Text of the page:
European Conference succeeds in building bridges between standardization, business, research and innovation communities 

Brussels, 31 October 2014 – More than 370 delegates, including representatives of research and innovation projects, business and industry, national and European standardization organizations and the European Commission, participated in the European Conference 'Standards: Your Innovation Bridge', which was held in Brussels yesterday (30 October 2014). This event was organized by the European Standardization Organizations CEN and CENELEC, in partnership with the European Commission and the European Free Trade Association (EFTA).

The Conference was organized in the framework of the BRIDGIT project, supported by the European Commission and EFTA, which aims to "Bridge the Gap between Research and Standardization".  The main goal of the event was to bring together representatives of all the relevant stakeholders to explore the relationship between research/innovation and standardization activities – especially at European level.

Standardization is an effective and powerful instrument for sharing knowledge and transferring new technologies, ideas and innovations to the market. This has been demonstrated by successful experiences across a range of different sectors including advanced manufacturing, energy, information technology, recycling, transport and security. However, in many cases the results of research and innovation activities are not fully exploited – either because researchers and innovators do not fully understand the potential benefits of linking-up with standardization, or because they are not aware of how they can identify and contribute to relevant standardization activities.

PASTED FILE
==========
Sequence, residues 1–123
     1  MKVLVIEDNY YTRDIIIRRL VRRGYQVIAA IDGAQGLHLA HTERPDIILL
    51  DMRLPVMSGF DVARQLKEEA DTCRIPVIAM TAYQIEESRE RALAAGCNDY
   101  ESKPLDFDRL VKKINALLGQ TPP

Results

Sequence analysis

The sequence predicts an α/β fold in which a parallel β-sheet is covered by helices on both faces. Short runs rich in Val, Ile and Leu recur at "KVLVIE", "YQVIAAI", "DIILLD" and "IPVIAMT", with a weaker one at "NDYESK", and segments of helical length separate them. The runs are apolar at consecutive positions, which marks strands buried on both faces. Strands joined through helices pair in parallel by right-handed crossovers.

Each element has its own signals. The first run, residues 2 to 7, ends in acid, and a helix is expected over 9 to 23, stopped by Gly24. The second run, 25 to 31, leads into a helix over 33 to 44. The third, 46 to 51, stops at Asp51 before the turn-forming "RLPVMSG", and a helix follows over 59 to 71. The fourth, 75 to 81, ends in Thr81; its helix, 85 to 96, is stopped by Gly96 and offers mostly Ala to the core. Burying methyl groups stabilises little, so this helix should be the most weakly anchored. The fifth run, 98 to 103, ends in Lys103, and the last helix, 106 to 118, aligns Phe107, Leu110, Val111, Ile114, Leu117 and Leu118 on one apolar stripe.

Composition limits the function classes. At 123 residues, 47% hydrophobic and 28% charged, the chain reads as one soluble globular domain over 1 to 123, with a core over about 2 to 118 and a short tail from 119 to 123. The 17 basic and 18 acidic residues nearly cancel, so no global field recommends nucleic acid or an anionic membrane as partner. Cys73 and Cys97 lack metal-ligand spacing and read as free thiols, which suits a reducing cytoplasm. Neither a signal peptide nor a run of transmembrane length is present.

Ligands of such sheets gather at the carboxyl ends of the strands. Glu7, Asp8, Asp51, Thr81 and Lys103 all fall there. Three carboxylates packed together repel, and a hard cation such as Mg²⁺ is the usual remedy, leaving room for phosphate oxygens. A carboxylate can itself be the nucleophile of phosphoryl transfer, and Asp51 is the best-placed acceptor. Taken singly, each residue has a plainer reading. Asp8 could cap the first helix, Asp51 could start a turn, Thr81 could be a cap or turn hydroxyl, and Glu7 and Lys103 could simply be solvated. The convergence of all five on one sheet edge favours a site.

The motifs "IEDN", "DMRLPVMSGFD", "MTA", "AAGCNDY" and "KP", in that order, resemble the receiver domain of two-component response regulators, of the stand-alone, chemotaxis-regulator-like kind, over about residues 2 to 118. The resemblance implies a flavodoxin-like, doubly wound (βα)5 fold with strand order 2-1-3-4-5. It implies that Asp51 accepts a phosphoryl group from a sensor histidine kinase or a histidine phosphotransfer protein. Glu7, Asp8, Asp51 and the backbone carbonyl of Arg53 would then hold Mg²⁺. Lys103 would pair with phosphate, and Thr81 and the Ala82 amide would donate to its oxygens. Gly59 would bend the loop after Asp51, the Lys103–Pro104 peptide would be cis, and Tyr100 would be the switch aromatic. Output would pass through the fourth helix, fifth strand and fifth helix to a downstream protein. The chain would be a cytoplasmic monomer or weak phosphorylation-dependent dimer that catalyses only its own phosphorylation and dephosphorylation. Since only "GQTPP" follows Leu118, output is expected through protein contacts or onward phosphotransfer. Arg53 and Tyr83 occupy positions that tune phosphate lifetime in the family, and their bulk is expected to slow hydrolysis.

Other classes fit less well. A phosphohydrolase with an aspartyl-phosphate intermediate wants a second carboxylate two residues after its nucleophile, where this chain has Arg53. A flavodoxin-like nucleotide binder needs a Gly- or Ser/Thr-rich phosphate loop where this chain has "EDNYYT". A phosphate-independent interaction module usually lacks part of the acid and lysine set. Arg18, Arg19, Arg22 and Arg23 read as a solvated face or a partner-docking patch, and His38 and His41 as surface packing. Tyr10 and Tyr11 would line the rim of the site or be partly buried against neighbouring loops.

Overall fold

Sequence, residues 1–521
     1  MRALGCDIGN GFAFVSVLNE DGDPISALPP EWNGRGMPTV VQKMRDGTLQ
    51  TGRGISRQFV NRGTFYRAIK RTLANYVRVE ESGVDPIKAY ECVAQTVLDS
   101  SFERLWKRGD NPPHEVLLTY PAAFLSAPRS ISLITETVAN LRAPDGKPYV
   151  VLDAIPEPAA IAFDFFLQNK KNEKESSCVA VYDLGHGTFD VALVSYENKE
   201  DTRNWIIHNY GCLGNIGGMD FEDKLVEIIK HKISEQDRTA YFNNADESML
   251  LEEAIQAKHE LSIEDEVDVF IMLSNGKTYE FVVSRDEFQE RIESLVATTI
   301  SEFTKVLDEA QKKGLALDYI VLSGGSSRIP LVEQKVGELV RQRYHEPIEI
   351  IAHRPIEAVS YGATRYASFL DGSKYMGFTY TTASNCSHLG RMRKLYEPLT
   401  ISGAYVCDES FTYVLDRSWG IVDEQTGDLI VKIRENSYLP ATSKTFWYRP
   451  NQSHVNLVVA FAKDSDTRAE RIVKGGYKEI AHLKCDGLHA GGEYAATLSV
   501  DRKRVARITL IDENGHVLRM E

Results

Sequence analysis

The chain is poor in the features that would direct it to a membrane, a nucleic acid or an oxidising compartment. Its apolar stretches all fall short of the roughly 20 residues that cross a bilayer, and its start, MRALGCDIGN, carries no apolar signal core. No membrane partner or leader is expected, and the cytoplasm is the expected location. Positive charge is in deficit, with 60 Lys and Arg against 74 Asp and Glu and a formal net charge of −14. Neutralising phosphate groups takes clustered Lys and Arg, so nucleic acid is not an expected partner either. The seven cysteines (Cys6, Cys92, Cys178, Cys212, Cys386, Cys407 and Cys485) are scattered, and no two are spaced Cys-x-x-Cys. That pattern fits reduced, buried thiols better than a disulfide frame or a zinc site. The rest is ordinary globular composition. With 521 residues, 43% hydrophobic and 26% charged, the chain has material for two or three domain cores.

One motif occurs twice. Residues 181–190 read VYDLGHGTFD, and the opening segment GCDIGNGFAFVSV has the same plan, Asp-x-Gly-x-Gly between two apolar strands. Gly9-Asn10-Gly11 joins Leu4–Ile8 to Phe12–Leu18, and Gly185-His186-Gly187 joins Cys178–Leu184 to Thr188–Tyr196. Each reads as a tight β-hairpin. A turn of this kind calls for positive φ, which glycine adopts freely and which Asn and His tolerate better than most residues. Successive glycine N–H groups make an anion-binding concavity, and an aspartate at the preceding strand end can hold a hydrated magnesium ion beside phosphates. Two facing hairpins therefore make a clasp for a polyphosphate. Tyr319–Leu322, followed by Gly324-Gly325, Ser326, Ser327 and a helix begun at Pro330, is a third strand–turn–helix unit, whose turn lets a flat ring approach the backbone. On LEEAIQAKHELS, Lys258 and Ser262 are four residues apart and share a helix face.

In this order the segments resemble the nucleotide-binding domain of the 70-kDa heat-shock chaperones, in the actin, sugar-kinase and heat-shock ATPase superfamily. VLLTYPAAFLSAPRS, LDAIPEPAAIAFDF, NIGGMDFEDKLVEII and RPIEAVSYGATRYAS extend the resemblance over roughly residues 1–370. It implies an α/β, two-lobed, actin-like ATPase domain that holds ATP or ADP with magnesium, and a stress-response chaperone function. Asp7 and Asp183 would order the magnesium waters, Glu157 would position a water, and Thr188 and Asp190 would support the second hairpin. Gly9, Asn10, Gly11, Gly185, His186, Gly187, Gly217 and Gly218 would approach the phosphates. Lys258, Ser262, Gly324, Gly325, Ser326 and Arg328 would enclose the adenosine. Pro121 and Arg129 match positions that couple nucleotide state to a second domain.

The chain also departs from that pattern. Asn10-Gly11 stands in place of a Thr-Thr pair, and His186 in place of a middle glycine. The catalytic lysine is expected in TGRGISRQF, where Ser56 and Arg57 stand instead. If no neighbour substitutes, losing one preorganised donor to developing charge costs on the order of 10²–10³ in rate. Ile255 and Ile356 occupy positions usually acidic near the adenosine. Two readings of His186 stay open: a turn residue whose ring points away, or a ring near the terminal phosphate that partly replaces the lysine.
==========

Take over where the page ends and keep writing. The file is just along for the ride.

The European Conference 'Standards: Your Innovation Bridge' was opened by Scott Steedman, CEN Vice-President Policy, who said that "standards accelerate innovation" and "increase probability of success".  He underlined that "standards have become the knowledge fuel for business and industry" and they are driving the growth of new and emerging fields – such as electric vehicles, micro-biology, etc.

The keynote speech was delivered by Christian Reinaudo, CEO of Agfa-Gevaert, who used the example of standards for x-ray images & scans in the field of healthcare to explain the benefits of standardization in terms of sharing knowledge, supporting the introduction of new technologies, and opening-up markets. He said that standardization, innovation and intellectual property are three sides of the same triangle, in which "standards represent the common infrastructure, which provides a basis for innovation".

Christian Reinaudo, Jacki Davis and Scott Steedman